16. I think we are approaching the Speedy's question from two divergent purposes. As I am not expecting any more Sherlock to materialize, with or without exterior shots of the facade we know and love as Speedy's, I was focusing on how the restaurant itself might be saved to thrive in the future as a going concern. Its Sherlock connection is what makes it unique as a selling point. I've not heard that there's anything special about it otherwise to distinguish it from any of the other hundreds of cafes in Central London alone. Were Mofftiss to, at this very tardy date, finally decide to squeeze out another season or even one measly holiday special, any production difficulties they'd experience as a result of waiting so long would not stir me to pity. I don't care what they do now; my sympathies are with the heroic cafe owner just trying to keep his head above water. It would be a very simple matter to insert already existing scenes of the facade from earlier episodes into new ones if they wanted establishing street shots of the outside of '221B Baker Street'. Which as we know, has its facade in North Gower Street and its interior at an airplane hangar in Wales. Apart from not being literally on Baker Street, Speedy's Cafe is not a constructed reality but it is exactly in real life what it plays in the show--a functioning cafe. A 'real' location is a precious part of television history and should be preserved. Certainly out of all their pooled and collective millions and millions of pounds the chief quartet has earned off of Sherlock and the part that Speedy's played in their cult success . . one might think they could at least help the struggling proprietor out with the rent. Even if the production paid a consideration to the business for use of its name and exterior, it was probably a pittance and it'd be long gone by now. Do you know if Chris was the original tenant when the show was running? A gesture like that would go some way toward mitigating the utter travesty that Season 4 was to me. I bet they could purchase the building outright and not even miss what it would cost. Martin Freeman's Hobbit residuals alone must be in the several hundred thousand pounds per year. Not to mention the roughly 6 movies a year Ben's been doing since the show wrapped. In a more perfect world, I'd have the money to give to Chris. I've always fancied London; wonder if there's a flat above the store? It's fun to fantasize about.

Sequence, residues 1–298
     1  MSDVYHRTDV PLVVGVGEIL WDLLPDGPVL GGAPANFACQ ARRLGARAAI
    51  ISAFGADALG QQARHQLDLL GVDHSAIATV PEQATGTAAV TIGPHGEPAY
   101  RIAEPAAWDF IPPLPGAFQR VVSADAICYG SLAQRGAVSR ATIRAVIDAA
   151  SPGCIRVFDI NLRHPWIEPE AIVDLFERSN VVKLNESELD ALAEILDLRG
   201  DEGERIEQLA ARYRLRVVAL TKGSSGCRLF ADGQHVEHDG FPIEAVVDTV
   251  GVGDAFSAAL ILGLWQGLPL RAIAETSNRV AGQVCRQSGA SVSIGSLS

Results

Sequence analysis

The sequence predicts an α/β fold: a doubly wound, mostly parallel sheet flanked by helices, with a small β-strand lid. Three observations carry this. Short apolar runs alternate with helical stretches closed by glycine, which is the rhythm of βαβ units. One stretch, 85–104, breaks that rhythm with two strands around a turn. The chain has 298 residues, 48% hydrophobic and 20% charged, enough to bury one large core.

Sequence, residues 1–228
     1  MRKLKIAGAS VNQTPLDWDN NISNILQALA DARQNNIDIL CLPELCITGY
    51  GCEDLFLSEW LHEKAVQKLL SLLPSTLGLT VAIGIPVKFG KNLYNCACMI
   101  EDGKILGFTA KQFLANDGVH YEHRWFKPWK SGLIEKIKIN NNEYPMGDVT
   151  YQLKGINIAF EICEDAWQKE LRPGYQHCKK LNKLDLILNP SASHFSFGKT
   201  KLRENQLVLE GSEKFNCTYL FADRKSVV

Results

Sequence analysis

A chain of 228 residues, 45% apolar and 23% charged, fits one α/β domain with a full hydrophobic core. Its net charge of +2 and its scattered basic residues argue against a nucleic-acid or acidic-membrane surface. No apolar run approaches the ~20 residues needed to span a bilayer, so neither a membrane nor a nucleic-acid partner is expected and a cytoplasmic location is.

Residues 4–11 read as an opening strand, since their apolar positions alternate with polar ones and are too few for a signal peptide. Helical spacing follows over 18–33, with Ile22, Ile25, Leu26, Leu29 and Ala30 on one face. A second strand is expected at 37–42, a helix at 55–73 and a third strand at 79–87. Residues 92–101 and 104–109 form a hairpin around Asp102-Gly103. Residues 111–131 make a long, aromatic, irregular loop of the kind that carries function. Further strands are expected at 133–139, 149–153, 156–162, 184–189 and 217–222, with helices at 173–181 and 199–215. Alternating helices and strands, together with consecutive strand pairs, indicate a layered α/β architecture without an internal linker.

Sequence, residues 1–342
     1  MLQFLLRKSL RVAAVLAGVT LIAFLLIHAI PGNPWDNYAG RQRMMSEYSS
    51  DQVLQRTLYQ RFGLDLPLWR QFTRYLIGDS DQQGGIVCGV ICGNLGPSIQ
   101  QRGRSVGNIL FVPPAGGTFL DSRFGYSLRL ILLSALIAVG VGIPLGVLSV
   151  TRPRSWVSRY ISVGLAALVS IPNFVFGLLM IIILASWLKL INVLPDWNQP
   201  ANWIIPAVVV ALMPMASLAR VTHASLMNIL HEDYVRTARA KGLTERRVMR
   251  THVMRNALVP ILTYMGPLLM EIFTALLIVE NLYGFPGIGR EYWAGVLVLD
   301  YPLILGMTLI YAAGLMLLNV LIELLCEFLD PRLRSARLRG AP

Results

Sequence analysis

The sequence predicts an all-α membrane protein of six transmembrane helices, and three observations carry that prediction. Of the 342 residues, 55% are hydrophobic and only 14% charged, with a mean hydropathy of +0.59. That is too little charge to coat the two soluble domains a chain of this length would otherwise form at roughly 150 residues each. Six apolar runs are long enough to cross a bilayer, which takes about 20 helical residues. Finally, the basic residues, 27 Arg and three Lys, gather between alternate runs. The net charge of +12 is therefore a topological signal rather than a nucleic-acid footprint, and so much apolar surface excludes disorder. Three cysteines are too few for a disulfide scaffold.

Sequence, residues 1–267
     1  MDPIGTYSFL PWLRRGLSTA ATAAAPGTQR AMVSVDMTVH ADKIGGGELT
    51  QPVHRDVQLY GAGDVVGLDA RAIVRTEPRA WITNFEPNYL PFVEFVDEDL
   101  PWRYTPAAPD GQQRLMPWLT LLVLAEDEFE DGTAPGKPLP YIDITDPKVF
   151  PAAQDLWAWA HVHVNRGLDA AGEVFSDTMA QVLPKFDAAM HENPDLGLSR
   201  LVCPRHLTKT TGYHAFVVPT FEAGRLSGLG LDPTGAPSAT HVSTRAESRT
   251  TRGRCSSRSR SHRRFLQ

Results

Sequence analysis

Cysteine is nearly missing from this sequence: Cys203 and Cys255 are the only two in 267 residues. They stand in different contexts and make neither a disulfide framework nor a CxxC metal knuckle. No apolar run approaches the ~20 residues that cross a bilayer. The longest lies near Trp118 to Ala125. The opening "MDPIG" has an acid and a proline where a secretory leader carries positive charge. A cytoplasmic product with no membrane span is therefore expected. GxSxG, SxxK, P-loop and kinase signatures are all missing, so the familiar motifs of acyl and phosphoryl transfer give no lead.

17. I'm sorry to confuse you . . what I meant was the venue could be suitable for a memorial of that type *now*, if it had been obtained back then. As just one of the potential tie-in events they might have offered, if the space had been converted to such a use. Not to be exploitative or to make profit from something like that, but as a gathering place for fans of the show and the cast to cherish their memories. For something like a Benedict reading, they would have to issue tickets. It's just an idea I was floating but it quite obviously won't be happening.